Taxing Damages for Emotional Distress

BY LAURA LEE MANNINO
February 1, 2007

he Court of Appeals for the District of Columbia on Dec. 22, 2006, vacated its judgment from four months earlier in Murphy, Marrita v. IRS in which the court held that a lawsuit award for emotional distress was not taxable. The government had petitioned for an en banc hearing. Instead, a panel indicated it will rehear the case, with oral arguments set for April 23.

The Internal Revenue Code imposes tax on all income regardless of its source, unless the income is specifically excluded. One such exclusion provided by IRC section 104(a)(2) is for damages received on account of physical injuries. Since not specifically excluded by section 104, damages that do not relate to physical injuries, such as those paid for emotional distress, typically are included in a taxpayer’s income and are subject to tax.

Marrita Murphy challenged the constitutionality of taxing damages for nonphysical injuries. Murphy worked for the New York Air National Guard (NYANG). When she complained to state authorities that a NYANG airbase contained environmental hazards, NYANG retaliated by blacklisting her and giving poor recommendations to potential new employers. Because these acts were violations of the whistle-blower statutes, NYANG was ordered to pay the taxpayer damages in the amount of $70,000: $45,000 on account of her emotional distress or mental anguish and $25,000 for the injury to her professional reputation.

Murphy originally included the full amount of the damages in her gross income and paid the appropriate taxes, but she later filed an amended return claiming a refund based on the exclusion in section 104(a)(2) regarding damages received “on account of personal physical injuries or physical sickness.” After the IRS denied the claim, she filed a lawsuit in district court.

The taxpayer first argued that the damages she received should be excluded under section 104 because she suffered from physical manifestations of her emotional injury. In the alternative, Murphy argued that damages paid with regard to nonphysical injuries are not “income” as the term has been defined by the U.S. Supreme Court. The district court ruled for the IRS, and Murphy appealed to the Court of Appeals for the District of Columbia.

Result. For the taxpayer initially, although the D.C. Circuit vacated the judgment and will rehear the case. The Internal Revenue Code was amended in 1996 to provide that emotional distress is not treated as a physical injury or physical sickness for purposes of section 104; as a result all damages other than those for physical injury fall within the general inclusion rule of section 61.

Murphy submitted evidence that as a result of NYANG’s conduct she suffered from bruxism, a stress-related condition that caused her to grind her teeth, resulting in permanent damage to her teeth. However, the D.C. Circuit found that although she suffered from physical injuries, the damages she received were not awarded on account of such injuries, and therefore section 104 was not applicable.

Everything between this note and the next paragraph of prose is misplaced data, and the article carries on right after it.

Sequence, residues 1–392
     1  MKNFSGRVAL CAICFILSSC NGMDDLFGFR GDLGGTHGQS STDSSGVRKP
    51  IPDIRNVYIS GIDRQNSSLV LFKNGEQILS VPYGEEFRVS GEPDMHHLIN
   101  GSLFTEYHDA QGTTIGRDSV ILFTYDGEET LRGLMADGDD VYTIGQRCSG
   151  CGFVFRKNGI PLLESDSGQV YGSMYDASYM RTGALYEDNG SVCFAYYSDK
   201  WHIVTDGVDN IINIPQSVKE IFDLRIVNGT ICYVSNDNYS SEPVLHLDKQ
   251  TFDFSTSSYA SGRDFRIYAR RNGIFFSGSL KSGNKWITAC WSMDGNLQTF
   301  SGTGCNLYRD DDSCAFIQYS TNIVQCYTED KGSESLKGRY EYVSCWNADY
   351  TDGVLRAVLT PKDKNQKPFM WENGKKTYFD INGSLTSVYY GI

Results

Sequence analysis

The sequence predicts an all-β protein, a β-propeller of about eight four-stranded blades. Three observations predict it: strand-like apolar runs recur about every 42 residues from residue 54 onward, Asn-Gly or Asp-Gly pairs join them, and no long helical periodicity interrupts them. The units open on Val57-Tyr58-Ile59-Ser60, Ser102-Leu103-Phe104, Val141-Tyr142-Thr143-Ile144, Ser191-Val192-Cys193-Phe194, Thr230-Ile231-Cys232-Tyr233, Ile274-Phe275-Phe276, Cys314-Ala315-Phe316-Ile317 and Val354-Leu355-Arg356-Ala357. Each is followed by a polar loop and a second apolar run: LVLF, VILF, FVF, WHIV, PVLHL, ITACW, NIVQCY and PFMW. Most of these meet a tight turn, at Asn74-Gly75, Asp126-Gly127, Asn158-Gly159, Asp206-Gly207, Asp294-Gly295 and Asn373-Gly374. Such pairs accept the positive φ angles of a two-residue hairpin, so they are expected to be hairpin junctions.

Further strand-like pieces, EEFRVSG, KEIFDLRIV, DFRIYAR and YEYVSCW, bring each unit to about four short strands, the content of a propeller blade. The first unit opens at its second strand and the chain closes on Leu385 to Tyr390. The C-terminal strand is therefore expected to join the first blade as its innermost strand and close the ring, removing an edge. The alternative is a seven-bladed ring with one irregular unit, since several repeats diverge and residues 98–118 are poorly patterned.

Murphy alternatively argued that the damages were not income within the 16th Amendment, and therefore could not be subject to tax. The Supreme Court defined income in 1955 in Glenshaw Glass as gains and “accessions to wealth,” and it has long been recognized that a return of capital falls outside this definition of income. Murphy argued that the damages she received, which compensated her for the loss of her emotional well-being and reputation, were a return of human capital and therefore not income. She contended that the Supreme Court alluded to the notion of human capital in Glenshaw Glass, where it distinguished taxable punitive damages from damages for personal injury; the latter, it held, are compensatory in nature and therefore not taxable income. Since Glenshaw Glass did not differentiate between physical and nonphysical damages, Murphy argued, the Supreme Court intended that all damages for personal injury be excluded from income.

The IRS’s rebuttal to this argument distinguished human capital from financial capital. Financial capital has a basis, such that when it is sold there is income to the extent that the amount realized exceeds the taxpayer’s basis. The IRS argued that since people don’t pay for their reputation or emotional well-being, there is no basis and therefore the entire amount received constitutes income.

The D.C. Circuit used an “in lieu of” analysis and held that the damages were not income. If a taxpayer receives damages in lieu of something that is normally subject to tax, such as wages, then the damages would be taxed. However, the taxpayer’s emotional well-being and reputation were not taxable, and therefore neither are the damages she received as a result of her losses. In addition, based on a review of the legislation that implemented Congress’ taxing power provided in the 16th Amendment, particularly the original exclusion for personal injury damages, the court found that the framers of the 16th Amendment would not have construed compensatory damages for nonphysical injuries to be income. Accordingly, the court held that the taxpayer’s damages for emotional distress and loss of reputation did not constitute income within the Constitution and the IRC, and any application of section 104(a)(2) that subjects such payments to taxation is unconstitutional.

Murphy, Marrita v. Internal Revenue Service, D.C. Circuit 05-5139 (8/22/06).

Prepared by Laura Lee Mannino, CPA, LLM, assistant professor of accounting and taxation, St. John’s University, Jamaica, N.Y.

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